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Data, engagement and impact

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What is 'research engagement' and 'research impact'?

The Australian Academy of Technological Sciences and Engineering (ATSE) defines research engagement as “the interaction between researchers and research organisations and their larger communities/industries for the mutually beneficial exchange of knowledge, understanding and resources in a context of partnership and reciprocity” (see page 7 of ATSE’s Research engagement for Australia report).

In the recent Engagement and Impact Assessment Consultation, the Australian Research Council (ARC) defines research impact as “the demonstrable contribution that research makes to the economy, society, culture, national security, public policy or services, health, the environment, or quality of life, beyond contributions to academia” (see Research Impact Principles and Framework on the ARC website).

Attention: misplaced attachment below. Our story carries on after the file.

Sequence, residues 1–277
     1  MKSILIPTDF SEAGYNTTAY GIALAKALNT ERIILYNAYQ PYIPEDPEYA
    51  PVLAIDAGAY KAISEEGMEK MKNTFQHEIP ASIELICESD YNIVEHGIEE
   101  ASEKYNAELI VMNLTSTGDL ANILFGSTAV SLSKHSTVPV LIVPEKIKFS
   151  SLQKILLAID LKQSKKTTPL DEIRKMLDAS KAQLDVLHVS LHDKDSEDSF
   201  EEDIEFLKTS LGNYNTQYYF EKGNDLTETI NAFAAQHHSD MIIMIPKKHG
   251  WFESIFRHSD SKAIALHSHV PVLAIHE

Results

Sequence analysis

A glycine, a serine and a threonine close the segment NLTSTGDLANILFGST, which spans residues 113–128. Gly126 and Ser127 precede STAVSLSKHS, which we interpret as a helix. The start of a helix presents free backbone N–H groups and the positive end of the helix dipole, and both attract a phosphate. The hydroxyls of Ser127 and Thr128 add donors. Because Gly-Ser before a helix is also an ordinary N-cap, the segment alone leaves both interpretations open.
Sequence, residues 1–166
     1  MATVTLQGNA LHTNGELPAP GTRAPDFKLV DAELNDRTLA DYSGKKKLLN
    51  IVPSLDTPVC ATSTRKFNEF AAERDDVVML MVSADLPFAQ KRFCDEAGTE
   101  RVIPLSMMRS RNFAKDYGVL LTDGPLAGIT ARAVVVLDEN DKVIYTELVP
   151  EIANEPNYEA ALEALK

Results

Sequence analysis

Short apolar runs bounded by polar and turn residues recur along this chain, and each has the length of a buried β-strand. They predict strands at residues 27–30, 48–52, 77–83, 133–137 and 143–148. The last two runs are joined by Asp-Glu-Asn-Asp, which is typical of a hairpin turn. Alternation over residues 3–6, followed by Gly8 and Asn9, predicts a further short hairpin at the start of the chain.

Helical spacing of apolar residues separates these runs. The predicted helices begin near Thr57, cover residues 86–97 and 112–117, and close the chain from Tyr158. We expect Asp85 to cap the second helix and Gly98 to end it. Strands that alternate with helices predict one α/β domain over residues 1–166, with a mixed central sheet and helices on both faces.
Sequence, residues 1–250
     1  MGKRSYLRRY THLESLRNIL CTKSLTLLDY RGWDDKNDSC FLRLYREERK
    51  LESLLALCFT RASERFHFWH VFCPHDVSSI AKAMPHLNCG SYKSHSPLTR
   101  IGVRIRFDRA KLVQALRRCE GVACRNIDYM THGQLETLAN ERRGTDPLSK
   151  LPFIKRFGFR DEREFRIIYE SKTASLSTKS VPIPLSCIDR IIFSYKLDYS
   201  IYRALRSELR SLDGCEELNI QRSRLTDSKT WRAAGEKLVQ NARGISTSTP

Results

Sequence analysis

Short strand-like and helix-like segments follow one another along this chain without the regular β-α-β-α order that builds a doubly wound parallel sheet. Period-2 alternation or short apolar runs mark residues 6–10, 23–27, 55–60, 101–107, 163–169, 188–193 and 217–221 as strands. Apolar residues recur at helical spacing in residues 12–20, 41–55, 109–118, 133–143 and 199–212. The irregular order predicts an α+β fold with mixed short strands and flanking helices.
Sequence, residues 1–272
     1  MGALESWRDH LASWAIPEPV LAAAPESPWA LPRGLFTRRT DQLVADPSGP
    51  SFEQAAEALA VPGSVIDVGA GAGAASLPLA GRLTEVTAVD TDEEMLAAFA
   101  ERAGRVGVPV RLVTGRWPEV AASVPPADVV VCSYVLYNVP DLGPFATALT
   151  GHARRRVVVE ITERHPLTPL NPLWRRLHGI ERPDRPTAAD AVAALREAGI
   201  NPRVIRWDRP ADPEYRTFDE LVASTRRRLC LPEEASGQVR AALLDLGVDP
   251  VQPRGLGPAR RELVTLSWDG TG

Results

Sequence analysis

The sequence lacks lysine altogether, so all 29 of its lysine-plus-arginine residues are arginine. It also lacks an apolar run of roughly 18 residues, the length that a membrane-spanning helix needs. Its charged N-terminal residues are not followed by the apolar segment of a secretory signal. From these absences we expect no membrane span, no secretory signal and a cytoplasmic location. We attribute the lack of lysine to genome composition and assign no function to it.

Similarly, the UK’s Research Excellence Framework (2014) guideline defines research impact as “an effect on, change or benefit to the economy, society, culture, public policy or services, health, the environment or quality of life, beyond academia” (see page 26, 2014 REF Assessment framework and guidance for submissions).

Research data is an enabler and pathway to 'engagement and impact'

Research data is a critical information asset which provides an important platform for collaboration between the research sector and the business sector as well as applications in public policy, education, citizen engagement, etc.

Data Impact eBook cover Data sharing for instance can play a pivotal role in collaboration between academia, industries and communities more broadly. As such, research data is a significant enabler or pathway of “research engagement and impact” for many research projects.

The companion case studies report of the Watt review, for instance, highlighted a common pattern of such engagement and impact pathways: a research group builds a trusted data resource from a combination of research and public sector sources which then forms the basis of a long term collaboration and engagement with industry, business, public sector, NGOs, etc.

These collaborations and engagements, in turn, generate social, economic, cultural, environmental or health benefits for stakeholders beyond academia.

Case studies promoted in ANDS’ recent #dataimpact campaign have also illustrated similar benefits and impacts generated from research data.